The daunting week of midterms


Abigail McGettigan ‘21

Project-based midterms are becoming increasingly popular at H.B.H.S. They tend to be more favorable since they can be applied to a variety of skill sets learned throughout the first semester. “I would have more project-based or expression-based stuff where the students are applying the things they have learned in a more proactive setting instead of a stationary setting,” said Ari Frankel ‘21.

Megan Strecker, Web Editor

With midterms upon us, their value in our modern-day society comes into question. The nearly week-long series of tests have been described as incredibly stressful by American media outlets in recent years. They’ve pinned these tests as a taxing time in a student’s career, where their anxiety is on overdrive and they’re stressed “to the nines.” While this may reflect some of the truth, it fails to capture the entire picture.

The concept of midterms–to assess how much a student has retained throughout the first semester–is good in theory. These exams can shed light on what topics need to be more heavily addressed, especially in classes where the coursework constantly becomes the foundation for the following units. On the other hand, midterms can cause an immersible amount of stress for the test takers that often reduces the accuracy of the assessment.

An incredibly large spectrum of testing types is a result of minimal standards for midterms.

“We have such a wide variety of classes [at H.B.H.S.], that creating a standard method would render midterms for classes, most likely the arts, ineffective. Allowing teachers to design their own tests lets them decide what they think is the best way to assess skills that they teach [because,] after all, they know the subject best,” said Leo Marandola ‘21.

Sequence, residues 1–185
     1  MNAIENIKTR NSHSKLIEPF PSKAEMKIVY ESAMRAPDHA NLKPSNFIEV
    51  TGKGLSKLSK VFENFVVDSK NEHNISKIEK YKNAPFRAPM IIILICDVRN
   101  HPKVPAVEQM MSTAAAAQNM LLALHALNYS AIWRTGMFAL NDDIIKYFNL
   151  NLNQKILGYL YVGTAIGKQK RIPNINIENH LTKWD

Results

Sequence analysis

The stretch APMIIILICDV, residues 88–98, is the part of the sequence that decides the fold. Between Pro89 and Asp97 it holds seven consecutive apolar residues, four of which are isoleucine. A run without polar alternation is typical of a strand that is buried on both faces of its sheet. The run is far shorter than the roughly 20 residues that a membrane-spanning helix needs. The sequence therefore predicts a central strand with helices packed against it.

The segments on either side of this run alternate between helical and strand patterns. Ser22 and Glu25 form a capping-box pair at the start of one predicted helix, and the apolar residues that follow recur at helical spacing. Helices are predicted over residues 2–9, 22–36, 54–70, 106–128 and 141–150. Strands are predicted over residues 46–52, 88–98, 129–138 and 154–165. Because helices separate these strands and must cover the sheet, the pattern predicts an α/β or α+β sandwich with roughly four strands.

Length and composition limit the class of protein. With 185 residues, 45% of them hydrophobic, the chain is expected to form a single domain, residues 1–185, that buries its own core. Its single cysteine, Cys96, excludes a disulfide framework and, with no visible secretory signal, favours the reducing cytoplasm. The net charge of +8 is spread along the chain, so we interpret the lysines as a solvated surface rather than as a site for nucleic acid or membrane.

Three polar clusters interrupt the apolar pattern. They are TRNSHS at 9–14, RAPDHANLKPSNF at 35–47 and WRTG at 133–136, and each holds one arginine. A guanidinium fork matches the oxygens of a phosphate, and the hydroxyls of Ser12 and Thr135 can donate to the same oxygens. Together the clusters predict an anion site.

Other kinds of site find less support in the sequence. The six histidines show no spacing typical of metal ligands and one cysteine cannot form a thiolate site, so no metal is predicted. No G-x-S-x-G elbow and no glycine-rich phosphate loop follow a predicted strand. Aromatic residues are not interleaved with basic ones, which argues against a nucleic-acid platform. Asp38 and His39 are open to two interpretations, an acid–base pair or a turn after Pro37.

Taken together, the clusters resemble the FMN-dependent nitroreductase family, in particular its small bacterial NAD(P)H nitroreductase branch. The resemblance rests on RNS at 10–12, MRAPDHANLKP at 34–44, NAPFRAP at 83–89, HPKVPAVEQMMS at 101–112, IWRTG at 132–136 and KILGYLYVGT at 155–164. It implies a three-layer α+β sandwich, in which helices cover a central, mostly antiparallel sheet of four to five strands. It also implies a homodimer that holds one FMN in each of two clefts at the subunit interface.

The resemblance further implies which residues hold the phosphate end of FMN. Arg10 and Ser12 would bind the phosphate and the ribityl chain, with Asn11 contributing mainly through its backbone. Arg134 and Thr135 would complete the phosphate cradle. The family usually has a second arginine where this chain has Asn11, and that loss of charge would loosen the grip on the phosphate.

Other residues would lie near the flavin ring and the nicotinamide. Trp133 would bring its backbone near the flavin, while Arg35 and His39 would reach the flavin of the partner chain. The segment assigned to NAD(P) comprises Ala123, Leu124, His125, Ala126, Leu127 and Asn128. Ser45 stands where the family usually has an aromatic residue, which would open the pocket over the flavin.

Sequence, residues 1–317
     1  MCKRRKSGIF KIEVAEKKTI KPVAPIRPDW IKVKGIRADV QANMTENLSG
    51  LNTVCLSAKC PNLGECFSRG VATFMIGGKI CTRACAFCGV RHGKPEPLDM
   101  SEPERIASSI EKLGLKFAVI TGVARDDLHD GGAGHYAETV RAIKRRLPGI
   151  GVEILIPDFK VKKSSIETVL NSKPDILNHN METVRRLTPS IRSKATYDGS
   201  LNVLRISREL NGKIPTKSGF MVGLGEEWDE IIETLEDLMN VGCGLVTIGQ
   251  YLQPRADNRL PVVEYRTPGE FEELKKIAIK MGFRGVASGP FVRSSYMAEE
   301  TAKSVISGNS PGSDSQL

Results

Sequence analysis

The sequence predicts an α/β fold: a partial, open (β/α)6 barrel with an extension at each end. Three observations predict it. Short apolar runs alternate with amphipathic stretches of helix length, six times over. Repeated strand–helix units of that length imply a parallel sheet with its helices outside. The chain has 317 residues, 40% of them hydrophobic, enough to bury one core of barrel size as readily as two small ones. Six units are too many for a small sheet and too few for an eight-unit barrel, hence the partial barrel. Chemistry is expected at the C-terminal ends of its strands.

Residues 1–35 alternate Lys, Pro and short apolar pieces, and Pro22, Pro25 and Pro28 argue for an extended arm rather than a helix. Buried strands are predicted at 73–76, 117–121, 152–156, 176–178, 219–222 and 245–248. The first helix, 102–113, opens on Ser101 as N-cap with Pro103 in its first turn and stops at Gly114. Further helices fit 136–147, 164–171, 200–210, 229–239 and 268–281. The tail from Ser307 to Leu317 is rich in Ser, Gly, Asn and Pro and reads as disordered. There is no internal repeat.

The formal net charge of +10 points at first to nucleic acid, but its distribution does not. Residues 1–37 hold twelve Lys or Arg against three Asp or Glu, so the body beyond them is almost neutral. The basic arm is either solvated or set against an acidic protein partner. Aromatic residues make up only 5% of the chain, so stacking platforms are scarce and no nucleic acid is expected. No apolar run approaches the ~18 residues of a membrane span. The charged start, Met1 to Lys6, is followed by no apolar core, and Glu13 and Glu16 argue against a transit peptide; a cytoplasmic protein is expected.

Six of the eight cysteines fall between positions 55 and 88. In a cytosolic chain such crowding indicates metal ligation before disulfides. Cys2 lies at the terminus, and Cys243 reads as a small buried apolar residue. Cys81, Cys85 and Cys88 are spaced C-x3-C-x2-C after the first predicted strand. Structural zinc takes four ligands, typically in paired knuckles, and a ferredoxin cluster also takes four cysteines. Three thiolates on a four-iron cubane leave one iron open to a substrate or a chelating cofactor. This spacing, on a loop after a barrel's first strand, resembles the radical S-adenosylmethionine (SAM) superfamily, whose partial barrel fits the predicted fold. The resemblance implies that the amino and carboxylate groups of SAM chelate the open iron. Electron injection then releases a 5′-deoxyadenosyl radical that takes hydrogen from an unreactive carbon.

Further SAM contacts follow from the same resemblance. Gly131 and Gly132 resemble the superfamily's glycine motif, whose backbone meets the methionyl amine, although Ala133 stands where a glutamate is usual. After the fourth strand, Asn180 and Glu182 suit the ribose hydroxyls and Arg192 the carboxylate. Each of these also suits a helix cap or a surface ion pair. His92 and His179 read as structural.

Although the large variety of classes creates drastically different tests depending on the course, and sometimes even the teacher, some students prefer project-based midterms versus the more typical paper test. “Projects tend to be easier to focus on an entire overview of the ideas learned through class and the semester. They tend to be more accurate in assessing in your knowledge and your application, rather than just fill in the bubble,” said Jade Weaver ‘21.

Lorna Spargo, the computer science and Personal Finance teacher at H.B.H.S., understands her students’ shared love of projects: “I believe students like the projects. It gives them the opportunity to think outside the box and be creative to prove their mastery of skills. That is my guess! However, there are some students that prefer a test.”

Even with some classes leaning toward project-based testing that allows for more focused preparation and studying routines, stress often plagues students the same during midterms. 

“For the most part, I think it’s [a] fairly manageable stress, though, and [it is] a type [of stress] that you’d run into beyond [high] school, too, [in work and adulthood],” said Marandola. For every student, the effects vary; it may be acceptable for some and a substantial burden for others.

For Ari Frankel ‘21 the experience is nothing short of disastrous depending on the courses they’re testing for that day: “Immediately after the test, I will be buzzing with anxiety. I will have an anxiety attack and my hand will be on fire. It’s a horrible experience overall.” Despite the stress students endure, Frankel also acknowledge that, “It’s gotten me good at test taking in general. For SATs, it’s prepped me a lot…[and] for A.P. classes.”

The midterm week may bring stress, but in the long run, it’s simply designed to assess student understanding of the course. If the week begins to feel overwhelming, there are a lot of outlets for support. Consulting teachers to figure out how to best utilize time before the test, or confiding in a friend can calm nerves and help students feel more prepared. For those who don’t struggle as much, aid those who need the support. Good luck on midterms!